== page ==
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Protesters used cans of spray paint to make graffiti on the south side of Kinnick Stadium, Saturday June 6, in Iowa City. Iowa City Press-Citizen

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Black former Iowa football players are speaking out against the vandalism of Kinnick Stadium and the statue of the 1939 Heisman Trophy winner, saying that vandals are missing the larger point.

“This isn’t what we’re trying to promote,” Jaleel Johnson wrote on Twitter, a message retweeted by longtime NFL defensive tackle and former Hawkeye Mike Daniels. “We want change in a community we consider to be our home. Not to be vandalized by outsiders.”

Johnson, a former Hawkeye defensive tackle who plays for the Minnesota Vikings, was one of the strongest voices to speak up against what dozens of former players have described as a culture of racism within the Hawkeye program. Johnson had pointed toward strength and conditioning coach Chris Doyle and offensive coordinator Brian Ferentz as the program’s biggest problems when it comes to racial divides. But his comments also underscore the movement’s desire for change beyond the program, within the hearts of everyone in a 91% white state.

Doyle has since been placed on administrative leave by head coach Kirk Ferentz.

“As a former player at Iowa, I understand and support my former teammates and all the issues that are being stated,” former defensive tackle Carl Davis said on Twitter. “But whoever did that (stuff) to Kinnick (is) lame as hell and y’all are undermining our progress as African American Players.”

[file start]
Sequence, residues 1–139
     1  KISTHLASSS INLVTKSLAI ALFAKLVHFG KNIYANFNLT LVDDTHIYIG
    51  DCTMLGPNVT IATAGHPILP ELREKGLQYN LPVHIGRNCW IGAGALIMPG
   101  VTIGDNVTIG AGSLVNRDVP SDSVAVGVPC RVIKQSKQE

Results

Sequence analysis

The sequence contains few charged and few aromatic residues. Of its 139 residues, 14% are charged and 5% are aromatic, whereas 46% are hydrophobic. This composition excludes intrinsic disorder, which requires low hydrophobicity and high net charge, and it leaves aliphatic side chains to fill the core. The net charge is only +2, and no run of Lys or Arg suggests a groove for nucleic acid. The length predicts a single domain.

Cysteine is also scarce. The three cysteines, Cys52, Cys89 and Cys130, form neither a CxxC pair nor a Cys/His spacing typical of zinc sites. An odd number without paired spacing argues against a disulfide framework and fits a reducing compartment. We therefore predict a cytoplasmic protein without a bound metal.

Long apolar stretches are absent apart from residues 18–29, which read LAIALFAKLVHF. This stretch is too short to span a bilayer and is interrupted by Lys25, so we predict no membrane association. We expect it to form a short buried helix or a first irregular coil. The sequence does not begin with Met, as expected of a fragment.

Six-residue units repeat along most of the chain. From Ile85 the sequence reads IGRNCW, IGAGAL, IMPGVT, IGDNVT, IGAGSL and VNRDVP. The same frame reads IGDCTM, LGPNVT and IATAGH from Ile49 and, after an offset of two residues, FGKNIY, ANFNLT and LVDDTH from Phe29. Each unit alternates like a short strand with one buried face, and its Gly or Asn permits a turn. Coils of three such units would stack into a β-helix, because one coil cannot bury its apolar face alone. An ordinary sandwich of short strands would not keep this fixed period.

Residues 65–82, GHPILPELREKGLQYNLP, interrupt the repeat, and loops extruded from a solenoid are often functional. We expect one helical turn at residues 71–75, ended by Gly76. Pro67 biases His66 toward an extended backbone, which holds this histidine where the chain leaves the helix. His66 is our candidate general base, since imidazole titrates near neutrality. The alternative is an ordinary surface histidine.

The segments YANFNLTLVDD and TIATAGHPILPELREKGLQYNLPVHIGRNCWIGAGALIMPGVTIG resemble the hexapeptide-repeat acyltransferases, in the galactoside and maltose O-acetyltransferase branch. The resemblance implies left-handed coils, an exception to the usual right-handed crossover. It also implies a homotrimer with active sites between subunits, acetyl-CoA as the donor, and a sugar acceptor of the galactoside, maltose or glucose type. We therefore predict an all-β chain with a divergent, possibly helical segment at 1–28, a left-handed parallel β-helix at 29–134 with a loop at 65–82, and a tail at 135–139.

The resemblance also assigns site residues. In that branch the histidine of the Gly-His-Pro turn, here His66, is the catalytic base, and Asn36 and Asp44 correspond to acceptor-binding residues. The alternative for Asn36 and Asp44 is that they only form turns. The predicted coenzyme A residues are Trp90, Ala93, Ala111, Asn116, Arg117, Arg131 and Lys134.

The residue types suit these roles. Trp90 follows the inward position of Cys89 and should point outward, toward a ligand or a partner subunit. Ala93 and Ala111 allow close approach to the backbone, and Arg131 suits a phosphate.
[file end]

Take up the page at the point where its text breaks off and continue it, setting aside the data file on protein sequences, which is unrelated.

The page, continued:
Spray-painted brick, windows and concrete with anti-Doyle, anti-racism and anti-police messages defaced Kinnick Stadium late Saturday night. The vandalism extended to the Nile Kinnick statue. Kinnick, who died in World War II, once wrote this, a transcript of which can be found in the Sports Illustrated's "Vault" archives, in his journal after training in Florida in 1943:

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“The inequities in human relationships are many, but the lot of the Negro is one of the worst. ... Kicked from pillar to post, condemned, cussed, ridiculed, accorded no respect, permitted no sense of human dignity. What can be done I don't know. When this war is over the problem is apt to be more difficult than ever. May wisdom, justice, brotherly love guide our steps to the right solution."

Former running backs Akrum Wadley and Marcel Joly were among those who spoke out against the vandalism, as well. Current safety Dallas Craddieth also took advantage of the newly lifted Iowa football Twitter ban by posting his thoughts: “Y’all didn’t have to do Kinnick Stadium like that,” he wrote, with a face-palm emoji. “Trust me, everyone is being heard.”

Davis tweeted that he and Johnson were putting their words into action and would be heading to Iowa City.

"We want to be apart of the solution," Davis wrote. "We put out blood sweat and tears into being a Hawkeye. We want to see it be great as possible. Iowa city see you soon!"

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